The characteristic 'Guangzhou style' or 'Guangzuo' furniture in using substantially generous material is evident on the current lot. The back splats and the headrests are made of generously thick planks of wood. As the legs and stiles are crucial to the stability of the furniture, these are carved from solid material rather than built-up with matched veneers or piecework. This same principle is applied to other individual parts and members which provide an overall sense of heaviness and robustness to the furniture, as well as conveying their substantial size.

    In order to keep consistency in their appearance, a single type of timber was selected to build each piece of 'Guangzuo' furniture. The most sought after choices of timber were zitan and hongmu, and they were used throughout without having any parts supplemented with other forms of secondary wood. In addition, the furniture was polished without lacquer so as to display the desired quality of the wood with its tight grain and dark, rich colour.

    The high-relief carving employed on 'Guangzuo' furniture is elaborate, fluid and highly skilled. The well-finished and polished surfaces not only complement the design but they also reveal the lustrous tactile nature of the timber. The design and style of the present chairs are clearly influenced by the European design of Rococo art which was inspired by shell-like curves and natural patterns. The refined and deeply carved decoration was favoured by the Guangzhou workshops. By carving out the motifs against a reserved ground, the background areas have been carefully finished and polished to an even surface, leaving no trace of the tool marks; this enhances the relief carvings giving them a greater sense of three-dimensionality. It is an extraordinary achievement by the Guangzhou workshops to have produced such a complicated and elaborate design.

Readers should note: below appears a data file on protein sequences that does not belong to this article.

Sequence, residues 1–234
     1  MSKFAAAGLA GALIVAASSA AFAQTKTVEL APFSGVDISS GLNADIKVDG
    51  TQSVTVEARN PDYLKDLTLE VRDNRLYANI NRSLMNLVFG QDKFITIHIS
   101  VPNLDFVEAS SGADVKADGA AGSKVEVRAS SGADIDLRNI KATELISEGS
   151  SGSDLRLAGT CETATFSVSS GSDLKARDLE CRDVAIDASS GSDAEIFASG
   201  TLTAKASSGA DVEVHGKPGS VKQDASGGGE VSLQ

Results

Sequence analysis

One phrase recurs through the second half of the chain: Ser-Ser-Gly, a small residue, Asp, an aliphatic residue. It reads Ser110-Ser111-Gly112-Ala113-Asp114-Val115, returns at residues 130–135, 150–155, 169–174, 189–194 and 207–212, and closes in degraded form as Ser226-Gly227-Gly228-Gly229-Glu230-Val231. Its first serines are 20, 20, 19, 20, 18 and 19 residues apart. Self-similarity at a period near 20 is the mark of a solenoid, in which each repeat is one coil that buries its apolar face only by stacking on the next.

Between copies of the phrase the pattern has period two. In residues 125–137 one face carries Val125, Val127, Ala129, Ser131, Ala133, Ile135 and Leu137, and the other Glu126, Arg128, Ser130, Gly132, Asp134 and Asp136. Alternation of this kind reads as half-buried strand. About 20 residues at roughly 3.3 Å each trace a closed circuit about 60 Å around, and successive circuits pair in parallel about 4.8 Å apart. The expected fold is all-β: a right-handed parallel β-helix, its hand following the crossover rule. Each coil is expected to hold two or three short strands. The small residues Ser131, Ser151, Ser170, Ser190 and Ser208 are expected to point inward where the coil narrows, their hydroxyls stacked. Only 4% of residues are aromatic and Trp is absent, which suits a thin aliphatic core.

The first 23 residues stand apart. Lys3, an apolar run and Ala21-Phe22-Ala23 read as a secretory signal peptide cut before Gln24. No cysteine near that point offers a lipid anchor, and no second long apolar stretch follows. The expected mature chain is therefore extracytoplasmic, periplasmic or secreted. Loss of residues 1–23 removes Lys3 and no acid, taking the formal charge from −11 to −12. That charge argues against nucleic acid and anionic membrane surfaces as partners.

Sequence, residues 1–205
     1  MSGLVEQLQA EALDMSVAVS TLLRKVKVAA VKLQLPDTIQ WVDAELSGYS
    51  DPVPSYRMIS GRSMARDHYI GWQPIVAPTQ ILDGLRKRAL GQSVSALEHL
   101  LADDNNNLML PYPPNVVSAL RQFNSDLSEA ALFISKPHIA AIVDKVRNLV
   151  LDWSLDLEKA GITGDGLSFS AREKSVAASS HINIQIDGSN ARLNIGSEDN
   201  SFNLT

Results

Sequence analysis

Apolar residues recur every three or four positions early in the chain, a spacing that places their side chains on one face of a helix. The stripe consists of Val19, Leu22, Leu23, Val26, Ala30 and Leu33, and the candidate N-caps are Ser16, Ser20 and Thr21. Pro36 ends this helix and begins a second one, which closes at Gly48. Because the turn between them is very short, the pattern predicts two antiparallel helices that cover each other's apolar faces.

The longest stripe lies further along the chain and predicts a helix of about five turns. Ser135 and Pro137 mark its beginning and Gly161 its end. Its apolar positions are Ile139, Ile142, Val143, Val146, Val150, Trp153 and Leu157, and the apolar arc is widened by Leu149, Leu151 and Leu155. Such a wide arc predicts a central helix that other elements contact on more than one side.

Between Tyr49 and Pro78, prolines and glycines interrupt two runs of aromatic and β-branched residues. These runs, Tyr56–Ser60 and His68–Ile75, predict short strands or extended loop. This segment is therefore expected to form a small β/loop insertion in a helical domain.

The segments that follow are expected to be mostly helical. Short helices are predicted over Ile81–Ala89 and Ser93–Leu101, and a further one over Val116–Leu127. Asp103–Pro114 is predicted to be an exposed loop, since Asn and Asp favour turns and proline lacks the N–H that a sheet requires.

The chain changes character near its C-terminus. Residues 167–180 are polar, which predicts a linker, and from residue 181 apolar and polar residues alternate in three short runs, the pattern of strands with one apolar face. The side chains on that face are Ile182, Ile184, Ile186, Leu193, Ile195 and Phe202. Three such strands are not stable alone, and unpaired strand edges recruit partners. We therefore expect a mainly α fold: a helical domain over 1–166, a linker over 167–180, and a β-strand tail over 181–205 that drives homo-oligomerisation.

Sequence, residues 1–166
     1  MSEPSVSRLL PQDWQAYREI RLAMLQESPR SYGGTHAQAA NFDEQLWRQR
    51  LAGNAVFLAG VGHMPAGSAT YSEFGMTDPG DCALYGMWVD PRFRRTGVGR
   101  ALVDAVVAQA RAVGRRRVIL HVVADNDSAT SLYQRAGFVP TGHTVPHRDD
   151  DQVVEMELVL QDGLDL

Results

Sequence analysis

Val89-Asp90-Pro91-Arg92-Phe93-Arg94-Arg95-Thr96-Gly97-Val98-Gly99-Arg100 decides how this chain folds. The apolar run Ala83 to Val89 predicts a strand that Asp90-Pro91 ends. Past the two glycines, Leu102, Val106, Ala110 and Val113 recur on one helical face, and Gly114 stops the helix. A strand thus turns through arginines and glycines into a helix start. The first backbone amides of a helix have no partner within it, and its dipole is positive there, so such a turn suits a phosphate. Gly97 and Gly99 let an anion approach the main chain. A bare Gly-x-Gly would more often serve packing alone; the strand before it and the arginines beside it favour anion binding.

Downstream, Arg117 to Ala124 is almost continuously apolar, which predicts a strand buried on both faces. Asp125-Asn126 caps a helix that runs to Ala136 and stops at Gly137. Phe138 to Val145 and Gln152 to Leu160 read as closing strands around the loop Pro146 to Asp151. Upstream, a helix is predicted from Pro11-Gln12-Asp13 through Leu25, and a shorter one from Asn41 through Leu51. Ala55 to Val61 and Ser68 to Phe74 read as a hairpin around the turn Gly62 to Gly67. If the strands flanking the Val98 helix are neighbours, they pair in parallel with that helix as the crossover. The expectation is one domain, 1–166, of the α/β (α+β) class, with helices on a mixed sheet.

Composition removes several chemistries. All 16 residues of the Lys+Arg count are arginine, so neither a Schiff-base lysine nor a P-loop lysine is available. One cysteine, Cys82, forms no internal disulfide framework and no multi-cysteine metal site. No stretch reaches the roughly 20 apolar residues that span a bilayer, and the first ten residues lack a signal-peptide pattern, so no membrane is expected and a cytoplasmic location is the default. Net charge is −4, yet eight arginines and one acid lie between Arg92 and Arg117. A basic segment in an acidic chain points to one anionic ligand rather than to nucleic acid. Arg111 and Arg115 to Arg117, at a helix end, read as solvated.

The design and motifs on the 'Guangzuo' furniture were examples of the innovative notion of blending Western and Chinese styles. During the 17th century, Western architecture, sculpture and painting skills were gradually accepted and adopted by the Chinese. From the Yongzheng to the Jiaqing period (1723-1820), the construction of European-style architecture flourished in China; the Western palaces in the Yuanmingyuan, or the Imperial Summer Palace were the finest examples. Many of the features of Western architecture and interior decoration such as acanthus leaves were particularly favoured to match the design of the magnificent halls and the palaces within the Yuanmingyuan. In order to match the demand, the court had to place orders with the workshops in Guangzhou for custom-made furniture. At the same time, the Imperial workshops in Beijing recruited highly-skilled carpenters from Guangzhou to serve in the palace, and these workshops also produced innovative Western-style furnishings. Furniture made with traditional Chinese joinery and decorated with European-style motifs of scrolling leaves provided an opulence that matched the splendid palaces. European Rococo floral motifs favoured by the Chinese were similar to Chinese peony scrolls and lotus bloom; such designs varied and were generally termed xifanlian, or 'Western lotus scrolls'. The characteristic design of entwined scrolling leaves was often symmetrical and stretched out to fit the different shapes. The arrangements worked well both vertically and horizontally; the same applied to three-dimensional rounded shapes.

    In addition to the Western-style motifs associated with Guangzhou-style furniture, quintessential Chinese designs were also employed. The most frequently used were 'dragons amidst clouds and waves', 'terrestrial diagram', 'clouds', 'phoenix', kui dragons, bats, stone chimes, flower branches and scrolls. Some Guangzhou-style furniture displays a combination of both Chinese and Western-style decorations. In other cases, there are examples of traditional Chinese-style furniture that have a slight hint of decorative influence from the West. On the whole, between 60-70 percent of the Guangzhou-made furniture showed a Western-style influence and this feature is invaluable in the identification of furniture.

    (Translated from the Chinese text)